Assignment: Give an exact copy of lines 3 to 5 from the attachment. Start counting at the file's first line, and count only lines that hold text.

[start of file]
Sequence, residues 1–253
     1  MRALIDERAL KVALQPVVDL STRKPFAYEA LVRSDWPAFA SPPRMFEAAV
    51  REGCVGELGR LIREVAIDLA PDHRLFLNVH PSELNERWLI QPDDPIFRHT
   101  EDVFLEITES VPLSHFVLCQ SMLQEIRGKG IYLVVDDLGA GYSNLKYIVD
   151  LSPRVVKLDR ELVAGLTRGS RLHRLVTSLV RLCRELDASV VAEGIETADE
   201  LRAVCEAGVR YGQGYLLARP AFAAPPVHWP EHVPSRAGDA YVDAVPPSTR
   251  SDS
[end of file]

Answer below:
    51  REGCVGELGR LIREVAIDLA PDHRLFLNVH PSELNERWLI QPDDPIFRHT
   101  EDVFLEITES VPLSHFVLCQ SMLQEIRGKG IYLVVDDLGA GYSNLKYIVD
   151  LSPRVVKLDR ELVAGLTRGS RLHRLVTSLV RLCRELDASV VAEGIETADE